Three out of four savers support the idea that advice, or guidance, should be mandatory for those accessing pension benefits, according to a new report.
The report by Just says this shows there is “broad consumer support” for the implementation of “default guidance”, which it says should help savers make better decisions about their retirement.
Currently free guidance is available through the Government’s Pension Wise scheme, but only one in 10 people have accessed this service before taking pension benefits.
Just says this lack of awareness and low levels of use threatens to undermine the long-term success of pension freedoms.
The report comes shortly after the work and pensions select committee of MPs announced it will be investigating the pension freedoms rules, and whether they were benefiting consumers.
Just is calling for a “guidance pathway” to be introduced, to ensure savers are getting appropriate information on their pension options.
This would involve better promotion of Pension Wise, improved communication with all pension savers aged 50 plus, and the inclusion of retirement guidance as part of the automatic-enrolment sales process.
Just group communications director Stephen Lowe says: “Pension Wise is working exceptionally well, but only for the very small number of people who use it. Providing a pathway into guidance will encourage far higher levels of engagement. We know this support works, because people who took guidance or advice reported higher than average levels of confidence when making decisions.”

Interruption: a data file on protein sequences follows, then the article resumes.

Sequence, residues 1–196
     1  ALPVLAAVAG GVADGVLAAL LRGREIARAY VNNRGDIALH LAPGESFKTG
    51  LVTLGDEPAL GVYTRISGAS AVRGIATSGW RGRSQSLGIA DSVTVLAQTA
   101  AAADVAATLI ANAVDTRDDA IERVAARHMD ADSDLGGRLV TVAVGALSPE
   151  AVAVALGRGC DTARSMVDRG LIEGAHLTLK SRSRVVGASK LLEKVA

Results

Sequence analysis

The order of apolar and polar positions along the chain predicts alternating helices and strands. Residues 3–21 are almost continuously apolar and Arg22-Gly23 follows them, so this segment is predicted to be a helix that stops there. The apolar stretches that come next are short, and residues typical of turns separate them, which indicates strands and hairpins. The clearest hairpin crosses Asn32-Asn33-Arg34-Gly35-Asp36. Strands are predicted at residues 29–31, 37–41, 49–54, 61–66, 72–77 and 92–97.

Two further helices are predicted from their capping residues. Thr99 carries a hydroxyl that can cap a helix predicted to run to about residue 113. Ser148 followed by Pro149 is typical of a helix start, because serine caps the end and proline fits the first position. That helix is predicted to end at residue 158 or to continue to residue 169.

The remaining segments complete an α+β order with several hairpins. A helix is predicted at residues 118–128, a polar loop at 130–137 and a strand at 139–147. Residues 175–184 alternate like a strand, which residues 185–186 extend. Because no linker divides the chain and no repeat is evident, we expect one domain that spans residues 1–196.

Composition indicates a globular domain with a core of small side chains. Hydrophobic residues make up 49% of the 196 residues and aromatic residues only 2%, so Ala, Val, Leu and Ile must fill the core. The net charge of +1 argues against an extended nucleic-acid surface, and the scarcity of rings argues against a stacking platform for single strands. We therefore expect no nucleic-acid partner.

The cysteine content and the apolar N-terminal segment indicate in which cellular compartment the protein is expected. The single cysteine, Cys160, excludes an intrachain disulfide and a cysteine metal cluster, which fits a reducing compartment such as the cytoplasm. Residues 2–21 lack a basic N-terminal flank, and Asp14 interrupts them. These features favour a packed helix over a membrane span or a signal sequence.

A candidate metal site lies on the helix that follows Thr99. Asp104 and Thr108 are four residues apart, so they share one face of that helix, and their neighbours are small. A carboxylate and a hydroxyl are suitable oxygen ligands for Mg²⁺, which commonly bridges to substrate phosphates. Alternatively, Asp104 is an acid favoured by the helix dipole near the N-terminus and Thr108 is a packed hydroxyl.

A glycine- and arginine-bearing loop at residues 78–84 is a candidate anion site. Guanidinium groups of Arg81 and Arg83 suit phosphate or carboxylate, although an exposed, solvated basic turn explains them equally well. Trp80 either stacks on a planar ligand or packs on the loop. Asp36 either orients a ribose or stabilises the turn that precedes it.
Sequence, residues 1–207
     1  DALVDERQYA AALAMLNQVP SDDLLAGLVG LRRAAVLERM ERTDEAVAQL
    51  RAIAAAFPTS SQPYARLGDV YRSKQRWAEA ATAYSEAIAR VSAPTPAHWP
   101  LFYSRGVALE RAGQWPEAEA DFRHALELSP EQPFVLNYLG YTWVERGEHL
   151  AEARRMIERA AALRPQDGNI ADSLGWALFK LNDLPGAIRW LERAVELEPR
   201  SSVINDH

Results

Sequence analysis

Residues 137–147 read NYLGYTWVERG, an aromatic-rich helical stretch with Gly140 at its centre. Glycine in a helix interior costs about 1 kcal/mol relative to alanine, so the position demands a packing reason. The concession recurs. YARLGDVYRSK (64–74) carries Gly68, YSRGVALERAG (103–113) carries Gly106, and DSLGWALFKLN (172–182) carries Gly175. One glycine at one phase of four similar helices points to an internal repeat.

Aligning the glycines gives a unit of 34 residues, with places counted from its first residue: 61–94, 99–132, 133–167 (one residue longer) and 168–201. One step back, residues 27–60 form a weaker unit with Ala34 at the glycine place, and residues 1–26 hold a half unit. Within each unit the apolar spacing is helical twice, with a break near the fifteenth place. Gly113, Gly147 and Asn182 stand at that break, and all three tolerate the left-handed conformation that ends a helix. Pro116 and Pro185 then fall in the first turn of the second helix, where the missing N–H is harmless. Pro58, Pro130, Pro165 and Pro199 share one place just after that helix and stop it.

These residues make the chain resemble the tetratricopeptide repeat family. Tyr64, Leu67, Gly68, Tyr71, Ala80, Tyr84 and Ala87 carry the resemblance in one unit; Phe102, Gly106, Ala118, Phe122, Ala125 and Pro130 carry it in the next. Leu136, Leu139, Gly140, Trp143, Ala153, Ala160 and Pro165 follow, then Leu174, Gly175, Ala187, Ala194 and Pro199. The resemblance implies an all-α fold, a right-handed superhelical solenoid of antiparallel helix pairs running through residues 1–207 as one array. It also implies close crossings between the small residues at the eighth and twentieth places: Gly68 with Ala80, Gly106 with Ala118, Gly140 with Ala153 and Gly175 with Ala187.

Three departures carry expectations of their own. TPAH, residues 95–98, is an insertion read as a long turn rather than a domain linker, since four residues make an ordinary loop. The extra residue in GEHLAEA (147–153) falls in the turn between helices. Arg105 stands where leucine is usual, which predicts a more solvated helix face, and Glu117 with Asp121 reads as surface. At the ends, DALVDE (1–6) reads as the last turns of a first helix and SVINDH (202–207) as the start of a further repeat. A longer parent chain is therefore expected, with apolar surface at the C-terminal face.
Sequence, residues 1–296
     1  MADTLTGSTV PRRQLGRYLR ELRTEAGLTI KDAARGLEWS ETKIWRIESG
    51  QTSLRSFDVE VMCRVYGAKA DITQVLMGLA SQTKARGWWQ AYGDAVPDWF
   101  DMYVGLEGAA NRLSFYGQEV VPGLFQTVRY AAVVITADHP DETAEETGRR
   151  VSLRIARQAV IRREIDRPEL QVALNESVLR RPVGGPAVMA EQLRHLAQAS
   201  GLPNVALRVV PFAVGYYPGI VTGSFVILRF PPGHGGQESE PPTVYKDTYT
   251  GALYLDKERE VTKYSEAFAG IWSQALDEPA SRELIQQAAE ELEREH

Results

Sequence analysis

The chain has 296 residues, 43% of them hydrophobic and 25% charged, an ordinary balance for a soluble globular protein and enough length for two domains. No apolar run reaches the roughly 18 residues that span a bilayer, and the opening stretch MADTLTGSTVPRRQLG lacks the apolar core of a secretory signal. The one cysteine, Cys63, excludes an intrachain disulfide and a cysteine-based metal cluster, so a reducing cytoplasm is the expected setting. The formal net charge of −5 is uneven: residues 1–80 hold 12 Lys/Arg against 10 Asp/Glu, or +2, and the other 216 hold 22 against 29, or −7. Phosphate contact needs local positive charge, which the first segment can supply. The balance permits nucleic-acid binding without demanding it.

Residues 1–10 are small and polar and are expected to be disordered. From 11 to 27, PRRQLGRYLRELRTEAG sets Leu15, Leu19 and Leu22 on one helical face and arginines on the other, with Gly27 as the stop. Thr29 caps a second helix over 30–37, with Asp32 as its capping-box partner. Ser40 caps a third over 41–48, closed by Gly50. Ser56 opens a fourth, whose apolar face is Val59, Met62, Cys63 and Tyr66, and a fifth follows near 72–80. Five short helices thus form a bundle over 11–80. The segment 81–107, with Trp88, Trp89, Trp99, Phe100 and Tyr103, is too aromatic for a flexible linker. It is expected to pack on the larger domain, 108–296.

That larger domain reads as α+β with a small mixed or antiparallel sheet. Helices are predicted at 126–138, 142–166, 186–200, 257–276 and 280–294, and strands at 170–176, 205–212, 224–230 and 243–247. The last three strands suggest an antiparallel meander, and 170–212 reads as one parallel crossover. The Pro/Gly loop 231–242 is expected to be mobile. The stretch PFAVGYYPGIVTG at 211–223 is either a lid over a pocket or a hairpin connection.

It is unclear how an extension of pension guidance services would hit demand for adviser services.
At present regulated advice is compulsory for those looking to transfer defined benefit pensions of over £30,000. But it is not required for those using pension freedoms to cash in part, or all of their defined contribution scheme.
Just claims that these proposals would ensure all customers, regardless of the size of their pension pot, get access to appropriate information about retirement options.
Lowe points out that almost all mortgage borrowers are required to take advice on options before signing up for this debt.
Their report though points out that pensions are far less understood than home loans, yet far fewer people were seeking guidance or advice on their retirement options.
The report shows only 40 per cent of people felt pensions were easy to understand, compared to 63 per cent for mortgages. Almost seven out of 10 people said they felt confident making mortgage decisions. In contrast, just over half of those surveyed, 52 per cent, said they felt confident making pension decisions.
Lowe says that it is a “glaring contradiction” that mortgage borrowers are required by law to take professional advice, but pension savers are left to sort out their own support or advice.
He adds: “It took the turmoil of the credit crunch to give mortgage borrowers the professional support they need. Let’s not wait for a pensions crisis before giving pension savers the same help.”